By Sigurd Neubauer
In a world that is becoming increasingly bland – culturally as well as artistically – Wolfgang Amadeus Mozart’s (1756 –1791) Le Nozze di Figaro stands out for its beauty, grace, and artistic perfection. It is, of course, one of the most popular operas of all time as its music perfectly matches the libretto and the psychology of its cast of characters.
As one of our friends recently relayed, The Marriage of Figaro is per definition the perfect opera as Mozart expresses so many layers of psychology, drama, and emotion. The opera is also about forgiveness, a virtue that is timeless yet difficult to emulate. At the end of the opera – at the grand finale – love triumphs over folly, and goodness prevails.
Mozart’s belief in the innate goodness of humanity shines through, and the music manages to be noble, emotional, lovingly tender and sublime all at the same time.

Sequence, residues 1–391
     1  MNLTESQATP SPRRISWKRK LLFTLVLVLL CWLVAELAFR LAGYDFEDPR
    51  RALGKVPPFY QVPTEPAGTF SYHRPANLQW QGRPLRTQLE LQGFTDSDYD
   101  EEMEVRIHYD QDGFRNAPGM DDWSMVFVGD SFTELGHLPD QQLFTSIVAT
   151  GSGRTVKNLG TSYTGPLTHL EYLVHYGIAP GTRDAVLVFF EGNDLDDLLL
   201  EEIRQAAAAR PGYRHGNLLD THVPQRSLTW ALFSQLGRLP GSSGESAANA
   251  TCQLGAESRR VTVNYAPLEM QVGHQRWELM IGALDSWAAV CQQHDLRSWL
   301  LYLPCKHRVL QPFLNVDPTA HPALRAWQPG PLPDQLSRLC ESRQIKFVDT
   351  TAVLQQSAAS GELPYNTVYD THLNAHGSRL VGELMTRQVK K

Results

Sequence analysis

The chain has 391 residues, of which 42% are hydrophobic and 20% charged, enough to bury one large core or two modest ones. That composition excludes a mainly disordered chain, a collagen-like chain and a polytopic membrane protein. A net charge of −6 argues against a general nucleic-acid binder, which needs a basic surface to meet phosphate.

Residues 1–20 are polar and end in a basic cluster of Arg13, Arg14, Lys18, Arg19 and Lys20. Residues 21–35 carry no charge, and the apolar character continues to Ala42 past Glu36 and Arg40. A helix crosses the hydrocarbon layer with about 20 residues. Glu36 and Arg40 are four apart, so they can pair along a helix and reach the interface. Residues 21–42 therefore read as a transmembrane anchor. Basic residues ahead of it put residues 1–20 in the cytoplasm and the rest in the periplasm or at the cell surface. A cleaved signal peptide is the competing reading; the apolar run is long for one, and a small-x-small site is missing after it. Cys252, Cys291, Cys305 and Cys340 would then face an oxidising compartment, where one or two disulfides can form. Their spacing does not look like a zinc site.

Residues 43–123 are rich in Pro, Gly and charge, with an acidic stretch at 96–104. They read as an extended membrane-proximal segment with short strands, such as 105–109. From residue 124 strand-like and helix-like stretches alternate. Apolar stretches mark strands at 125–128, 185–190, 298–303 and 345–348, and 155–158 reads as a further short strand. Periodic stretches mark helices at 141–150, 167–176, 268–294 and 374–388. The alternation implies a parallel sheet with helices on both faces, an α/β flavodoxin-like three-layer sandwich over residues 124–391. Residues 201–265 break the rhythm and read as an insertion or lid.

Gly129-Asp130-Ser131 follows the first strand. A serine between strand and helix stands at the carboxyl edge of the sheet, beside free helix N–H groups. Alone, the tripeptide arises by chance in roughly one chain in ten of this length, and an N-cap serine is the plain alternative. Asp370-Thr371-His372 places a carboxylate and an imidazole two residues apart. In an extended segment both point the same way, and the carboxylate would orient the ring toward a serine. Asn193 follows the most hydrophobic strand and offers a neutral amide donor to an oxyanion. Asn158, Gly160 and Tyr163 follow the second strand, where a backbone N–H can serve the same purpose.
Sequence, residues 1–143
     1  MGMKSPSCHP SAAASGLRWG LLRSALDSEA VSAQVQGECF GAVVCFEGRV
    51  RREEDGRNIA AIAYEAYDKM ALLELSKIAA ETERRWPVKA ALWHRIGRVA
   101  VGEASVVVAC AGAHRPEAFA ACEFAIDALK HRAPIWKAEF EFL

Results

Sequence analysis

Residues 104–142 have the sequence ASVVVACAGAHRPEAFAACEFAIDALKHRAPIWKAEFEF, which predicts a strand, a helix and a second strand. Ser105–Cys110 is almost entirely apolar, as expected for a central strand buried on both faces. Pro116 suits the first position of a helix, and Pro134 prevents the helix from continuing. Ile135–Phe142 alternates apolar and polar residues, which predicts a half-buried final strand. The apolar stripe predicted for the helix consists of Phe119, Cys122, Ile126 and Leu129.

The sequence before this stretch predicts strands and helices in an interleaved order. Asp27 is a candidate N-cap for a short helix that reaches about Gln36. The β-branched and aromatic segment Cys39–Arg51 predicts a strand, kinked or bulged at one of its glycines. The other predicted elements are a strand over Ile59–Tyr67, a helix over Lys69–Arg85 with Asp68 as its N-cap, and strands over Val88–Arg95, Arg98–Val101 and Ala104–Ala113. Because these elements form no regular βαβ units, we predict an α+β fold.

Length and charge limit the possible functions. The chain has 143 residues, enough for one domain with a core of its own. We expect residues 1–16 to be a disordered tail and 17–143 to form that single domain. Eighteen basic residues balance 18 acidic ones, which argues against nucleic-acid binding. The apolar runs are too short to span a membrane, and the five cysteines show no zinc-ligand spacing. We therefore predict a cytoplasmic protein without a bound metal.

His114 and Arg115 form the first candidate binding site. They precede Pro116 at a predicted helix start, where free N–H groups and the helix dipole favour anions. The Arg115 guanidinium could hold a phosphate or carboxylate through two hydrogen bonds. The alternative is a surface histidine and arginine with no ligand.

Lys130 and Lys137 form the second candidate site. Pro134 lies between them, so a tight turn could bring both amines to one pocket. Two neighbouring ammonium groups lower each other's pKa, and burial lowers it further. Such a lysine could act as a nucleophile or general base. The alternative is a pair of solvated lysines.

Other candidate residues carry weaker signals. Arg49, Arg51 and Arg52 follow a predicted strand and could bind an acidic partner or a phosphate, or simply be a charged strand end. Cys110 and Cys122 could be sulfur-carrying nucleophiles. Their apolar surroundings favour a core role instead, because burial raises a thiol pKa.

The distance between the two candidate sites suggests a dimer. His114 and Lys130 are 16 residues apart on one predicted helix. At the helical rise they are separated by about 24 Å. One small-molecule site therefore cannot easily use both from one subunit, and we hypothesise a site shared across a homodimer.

It premiered at the Burgtheater in Vienna, Austria, on May 1, 1786. Mozart himself conducted the first two performances.
If you’re unfamiliar with the wonderful world of opera, The Marriage of Figaro is the perfect opera to start with.
Mozart’s four act opera was composed in 1786. Its Italian libretto was written by Lorenzo Da Ponte (1749-1838), who ended up becoming the first professor of Italian literature at Columbia College
Le Nozze di Figaro premiered at the Burgtheater in Vienna, Austria, on May 1, 1786. Mozart himself conducted the first two performances